CaltechTHESIS
  A Caltech Library Service

Ruthenium olefin metathesis complexes : catalyst development and mechanistic studies

Citation

Anderson, Donde R. (2008) Ruthenium olefin metathesis complexes : catalyst development and mechanistic studies. Dissertation (Ph.D.), California Institute of Technology. http://resolver.caltech.edu/CaltechETD:etd-08142007-151304

Abstract

NOTE: Text or symbols not renderable in plain ASCII are indicated by [...]. Abstract is included in .pdf document. The field of olefin metathesis has grown to include organometallic chemists who strive to develop more efficient catalysts and to understand their mechanism of activity and decomposition, synthetic organic chemists who construct complex molecules utilizing existing catalysts and continually find challenging reactions in need of more efficient catalysts, and polymer chemists who utilize current catalysts to synthesize polymers with an ever-widening array of functional groups and structures in a controlled manner. This thesis describes the exploration of new ligands for olefin metathesis catalysts and the investigation of the model compounds of olefin metathesis reaction intermediates. Chapter 2 describes the synthesis, characterization, activity and kinetic selectivity of ruthenium olefin metathesis complexes bearing cyclic (alkyl)(amino)carbenes (CAACs). The activity of phosphine-free CAAC-ruthenium complexes is significantly affected by steric interactions. By decreasing the steric bulk of the ligand, a new catalyst with activity comparable to that of existing NHC-ruthenium (N-heterocyclic carbene) complexes has been synthesized. Additionally, these complexes exhibit unusual E/Z-diastereoselectivity and ethenolysis selectivity relative to previously studied NHC-ruthenium complexes. Chapter 3 describes the exploration of 3- and 6-membered carbenes as ligands for ruthenium olefin metathesis complexes. Stable silver-cyclopropenylidene adducts were synthesized and utilized as carbene transfer reagents in the presence of ruthenium precursors. Although good conversions were observed, isolation of cyclopropenylidene-ruthenium complexes was unsuccessful. Ruthenium complexes of 6-membered ‘borazine’-like carbenes were isolated, characterized and evaluated for ring-closing metathesis activity. Chapter 4 describes the development of a model system to study ruthenium-olefin complexes relevant to the mechanism of olefin metathesis. Upon addition of the ligand precursor 1,2-divinylbenzene to (H2IMes)(py2)(Cl)2Ru=CHPh (H2IMes = 1,3-dimesityl-4,5-dihydroimidazol-2-ylidene), two ruthenium-olefin adducts are formed. Based on [...] NMR spectroscopy experiments and X-ray crystallographic analysis, the solution phase and solid-state structure of these complexes is assigned. Exploration of the generality of these observations through variation of the N-heterocyclic carbene ligand and the ligand precursor are also presented. Appendix 1 describes the screening of transitional-metal salts and ligands for the non-oxidative hydration of styrene. Appendix 2 describes the investigation of a prior report of intramolecular olefin hydroalkoxylation with ruthenium, copper and silver salts. Appendix 3 describes the evaluation of chiral NHCs as ligands for ruthenium and rhodium hydrosilylation catalysts. Appendix 4 describes the investigation of tin(II) halides as ligands for ruthenium olefin metathesis catalysts. Appendix 5 contains X-ray crystallographic analysis parameters of the structures presented in this thesis.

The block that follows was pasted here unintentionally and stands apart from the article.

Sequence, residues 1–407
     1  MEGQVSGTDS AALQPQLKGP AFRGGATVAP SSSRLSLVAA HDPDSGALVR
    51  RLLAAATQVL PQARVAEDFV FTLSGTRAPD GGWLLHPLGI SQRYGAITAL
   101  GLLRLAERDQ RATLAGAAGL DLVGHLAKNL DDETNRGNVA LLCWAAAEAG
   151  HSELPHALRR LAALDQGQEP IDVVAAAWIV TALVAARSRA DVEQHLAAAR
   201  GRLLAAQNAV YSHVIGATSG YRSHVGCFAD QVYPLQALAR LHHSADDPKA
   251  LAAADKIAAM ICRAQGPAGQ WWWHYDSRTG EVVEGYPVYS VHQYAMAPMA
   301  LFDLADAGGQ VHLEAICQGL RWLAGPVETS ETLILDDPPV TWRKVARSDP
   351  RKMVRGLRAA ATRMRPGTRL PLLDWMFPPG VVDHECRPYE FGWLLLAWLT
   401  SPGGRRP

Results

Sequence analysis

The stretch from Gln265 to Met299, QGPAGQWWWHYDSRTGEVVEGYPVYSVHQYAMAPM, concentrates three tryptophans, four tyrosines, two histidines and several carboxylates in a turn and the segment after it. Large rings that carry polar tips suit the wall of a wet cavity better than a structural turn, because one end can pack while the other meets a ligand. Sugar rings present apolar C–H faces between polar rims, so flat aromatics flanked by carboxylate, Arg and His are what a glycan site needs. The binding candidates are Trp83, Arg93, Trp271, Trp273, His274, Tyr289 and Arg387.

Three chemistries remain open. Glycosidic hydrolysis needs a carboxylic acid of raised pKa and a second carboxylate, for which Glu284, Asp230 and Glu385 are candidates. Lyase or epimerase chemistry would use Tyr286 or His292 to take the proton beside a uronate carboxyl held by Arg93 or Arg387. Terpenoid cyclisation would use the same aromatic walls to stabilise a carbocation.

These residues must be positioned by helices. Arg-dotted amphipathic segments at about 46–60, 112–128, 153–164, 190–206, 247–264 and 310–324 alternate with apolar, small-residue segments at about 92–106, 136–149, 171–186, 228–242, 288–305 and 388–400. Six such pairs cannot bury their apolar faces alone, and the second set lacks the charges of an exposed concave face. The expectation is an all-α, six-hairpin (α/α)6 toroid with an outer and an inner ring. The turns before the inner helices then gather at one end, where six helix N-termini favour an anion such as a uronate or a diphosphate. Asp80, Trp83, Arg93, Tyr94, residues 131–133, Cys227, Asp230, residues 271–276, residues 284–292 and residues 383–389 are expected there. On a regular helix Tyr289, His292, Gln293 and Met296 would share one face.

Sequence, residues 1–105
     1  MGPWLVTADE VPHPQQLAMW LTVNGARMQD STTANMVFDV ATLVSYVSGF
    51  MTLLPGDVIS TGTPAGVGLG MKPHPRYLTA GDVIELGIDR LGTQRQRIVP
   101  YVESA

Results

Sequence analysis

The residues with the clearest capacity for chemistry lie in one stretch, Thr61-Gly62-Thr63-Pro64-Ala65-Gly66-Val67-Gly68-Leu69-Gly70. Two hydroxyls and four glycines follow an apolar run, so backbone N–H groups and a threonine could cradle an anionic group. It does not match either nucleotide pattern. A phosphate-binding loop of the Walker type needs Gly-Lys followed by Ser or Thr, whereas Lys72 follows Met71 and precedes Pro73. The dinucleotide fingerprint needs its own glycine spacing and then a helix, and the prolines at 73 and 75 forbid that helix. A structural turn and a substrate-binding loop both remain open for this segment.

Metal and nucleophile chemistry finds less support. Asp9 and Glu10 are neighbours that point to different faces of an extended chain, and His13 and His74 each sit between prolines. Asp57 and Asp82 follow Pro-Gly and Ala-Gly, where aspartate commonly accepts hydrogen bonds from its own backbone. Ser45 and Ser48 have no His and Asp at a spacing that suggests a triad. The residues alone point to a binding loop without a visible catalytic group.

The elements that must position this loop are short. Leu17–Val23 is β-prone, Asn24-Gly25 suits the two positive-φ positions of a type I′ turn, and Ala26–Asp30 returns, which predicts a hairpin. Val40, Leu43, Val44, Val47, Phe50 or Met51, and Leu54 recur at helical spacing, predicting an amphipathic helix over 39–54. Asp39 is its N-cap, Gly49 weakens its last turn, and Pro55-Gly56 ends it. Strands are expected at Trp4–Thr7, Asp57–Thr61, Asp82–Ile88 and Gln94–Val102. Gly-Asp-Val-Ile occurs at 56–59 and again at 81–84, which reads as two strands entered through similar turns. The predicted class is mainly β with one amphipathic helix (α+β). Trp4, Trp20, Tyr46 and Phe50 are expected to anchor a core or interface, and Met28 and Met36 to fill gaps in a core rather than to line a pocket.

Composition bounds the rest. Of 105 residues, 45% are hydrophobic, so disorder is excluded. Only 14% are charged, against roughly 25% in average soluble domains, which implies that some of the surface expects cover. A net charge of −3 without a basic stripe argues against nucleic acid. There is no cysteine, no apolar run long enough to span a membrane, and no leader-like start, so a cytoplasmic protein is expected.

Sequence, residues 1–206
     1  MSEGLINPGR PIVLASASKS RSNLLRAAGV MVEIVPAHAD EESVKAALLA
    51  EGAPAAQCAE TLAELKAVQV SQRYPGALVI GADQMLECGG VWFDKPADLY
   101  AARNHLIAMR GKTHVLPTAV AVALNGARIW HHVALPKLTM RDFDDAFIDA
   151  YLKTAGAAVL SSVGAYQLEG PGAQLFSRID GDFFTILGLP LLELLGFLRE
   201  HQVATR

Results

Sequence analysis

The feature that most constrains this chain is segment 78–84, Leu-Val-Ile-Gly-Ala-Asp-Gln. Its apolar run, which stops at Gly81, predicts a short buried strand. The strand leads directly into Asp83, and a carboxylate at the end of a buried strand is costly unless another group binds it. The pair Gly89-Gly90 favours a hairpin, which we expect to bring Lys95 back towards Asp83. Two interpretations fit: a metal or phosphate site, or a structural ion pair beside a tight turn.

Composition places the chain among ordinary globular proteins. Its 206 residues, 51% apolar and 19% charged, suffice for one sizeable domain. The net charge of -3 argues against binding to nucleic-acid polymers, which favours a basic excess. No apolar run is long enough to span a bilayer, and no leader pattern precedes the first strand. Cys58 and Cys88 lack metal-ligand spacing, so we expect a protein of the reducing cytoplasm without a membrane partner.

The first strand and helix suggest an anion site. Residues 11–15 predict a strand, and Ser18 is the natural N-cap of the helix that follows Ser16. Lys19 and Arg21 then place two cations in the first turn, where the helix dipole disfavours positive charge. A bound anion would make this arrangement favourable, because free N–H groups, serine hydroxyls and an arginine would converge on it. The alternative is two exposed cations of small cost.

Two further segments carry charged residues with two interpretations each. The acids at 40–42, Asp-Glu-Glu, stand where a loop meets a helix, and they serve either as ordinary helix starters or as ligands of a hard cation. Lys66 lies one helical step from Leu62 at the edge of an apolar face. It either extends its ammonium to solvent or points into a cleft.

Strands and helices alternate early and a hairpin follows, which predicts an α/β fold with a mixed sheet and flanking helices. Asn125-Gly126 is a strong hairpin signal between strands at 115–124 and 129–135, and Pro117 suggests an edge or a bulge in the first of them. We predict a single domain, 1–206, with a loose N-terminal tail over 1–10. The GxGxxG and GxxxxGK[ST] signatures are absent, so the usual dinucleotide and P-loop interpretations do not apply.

Item Type:Thesis (Dissertation (Ph.D.))
Subject Keywords:catalysis; olefin metathesis; ruthenium
Degree Grantor:California Institute of Technology
Division:Chemistry and Chemical Engineering
Major Option:Chemistry
Thesis Availability:Public (worldwide access)
Research Advisor(s):
  • Grubbs, Robert H.
Thesis Committee:
  • Barton, Jacqueline K. (chair)
  • Stoltz, Brian M.
  • Bercaw, John E.
  • Grubbs, Robert H.
Defense Date:27 July 2007
Record Number:CaltechETD:etd-08142007-151304
Persistent URL:http://resolver.caltech.edu/CaltechETD:etd-08142007-151304
Default Usage Policy:No commercial reproduction, distribution, display or performance rights in this work are provided.
ID Code:5247
Collection:CaltechTHESIS
Deposited By: Imported from ETD-db
Deposited On:08 Oct 2007
Last Modified:02 Dec 2014 22:28

Thesis Files

[img]
Preview
PDF (thesis2.pdf) - Final Version
See Usage Policy.

6Mb

Repository Staff Only: item control page